In the following year, 1888, the Jeffrey Manufacturing Company designed and built the first electric locomotives used in the bituminous coal-mines of the United States. They were installed in the mine of the Upson Coal Mining Company, at Shawnee, Ohio.

A unique feature of the equipment was the use of one-inch galvanized iron pipes, instead of wires, for conductors. To H. H. Bliss and H. B. Dierdorff, of the Jeffrey Company, belongs the credit for originating the idea of these locomotives and carrying out their construction.

Jeffrey had previously applied to several of the leading electrical firms of the United States, asking them to equip his coal-cutting machines with electric motors and supply him with electric locomotives. It should be remembered that electric machinery was then in the experimental stage, and this state of affairs resulted in the failure of the different firms to meet Jeffrey’s requirements.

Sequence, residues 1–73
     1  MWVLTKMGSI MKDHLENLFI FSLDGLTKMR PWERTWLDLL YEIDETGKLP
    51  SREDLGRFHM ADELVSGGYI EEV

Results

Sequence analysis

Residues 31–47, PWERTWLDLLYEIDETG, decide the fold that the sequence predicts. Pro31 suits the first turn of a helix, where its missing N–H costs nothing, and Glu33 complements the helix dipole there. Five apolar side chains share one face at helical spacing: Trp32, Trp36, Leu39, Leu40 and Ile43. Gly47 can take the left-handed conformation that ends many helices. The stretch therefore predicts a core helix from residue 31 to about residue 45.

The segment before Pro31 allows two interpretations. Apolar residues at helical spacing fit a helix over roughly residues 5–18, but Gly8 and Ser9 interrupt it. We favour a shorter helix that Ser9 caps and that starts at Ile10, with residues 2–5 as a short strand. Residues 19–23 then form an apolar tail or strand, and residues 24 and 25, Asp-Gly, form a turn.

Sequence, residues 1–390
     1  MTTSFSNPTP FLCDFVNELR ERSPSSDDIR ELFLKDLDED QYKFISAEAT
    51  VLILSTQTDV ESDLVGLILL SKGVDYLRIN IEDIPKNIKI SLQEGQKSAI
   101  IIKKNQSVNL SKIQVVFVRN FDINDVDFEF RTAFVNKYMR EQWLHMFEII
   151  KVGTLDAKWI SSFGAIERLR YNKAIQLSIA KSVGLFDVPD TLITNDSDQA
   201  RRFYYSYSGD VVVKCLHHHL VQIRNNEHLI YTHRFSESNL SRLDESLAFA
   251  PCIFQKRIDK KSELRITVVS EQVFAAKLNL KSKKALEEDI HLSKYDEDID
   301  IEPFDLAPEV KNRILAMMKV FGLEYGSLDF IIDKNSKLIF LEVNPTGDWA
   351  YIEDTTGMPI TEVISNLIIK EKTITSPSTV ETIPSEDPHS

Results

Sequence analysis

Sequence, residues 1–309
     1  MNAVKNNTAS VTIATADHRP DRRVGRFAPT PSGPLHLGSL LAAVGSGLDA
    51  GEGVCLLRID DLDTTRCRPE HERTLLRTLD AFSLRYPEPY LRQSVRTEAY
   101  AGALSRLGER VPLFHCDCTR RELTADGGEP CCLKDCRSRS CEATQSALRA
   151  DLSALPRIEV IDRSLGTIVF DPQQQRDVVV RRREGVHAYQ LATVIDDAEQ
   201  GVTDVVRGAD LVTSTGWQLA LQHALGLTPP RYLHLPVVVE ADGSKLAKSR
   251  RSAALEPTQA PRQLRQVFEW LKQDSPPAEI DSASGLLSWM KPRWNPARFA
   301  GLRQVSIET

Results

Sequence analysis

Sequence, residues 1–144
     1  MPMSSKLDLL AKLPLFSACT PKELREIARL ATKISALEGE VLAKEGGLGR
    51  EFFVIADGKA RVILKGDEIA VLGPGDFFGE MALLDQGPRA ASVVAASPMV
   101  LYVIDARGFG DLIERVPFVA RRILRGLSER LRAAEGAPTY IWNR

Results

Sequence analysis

He then secured the services of several electrical engineers, and with the aid of his own staff began, within his own plant, to apply electricity to coal-mining machinery.

From that day to this the electric locomotive for every type of mine service has constantly grown in favor. It unites a high degree of efficiency, great mechanical strength, and simplicity of control with a compactness of form unattainable in any other mine tractor. These locomotives have now reached a very high state of perfection, and are both of the trolley and the storage-battery type.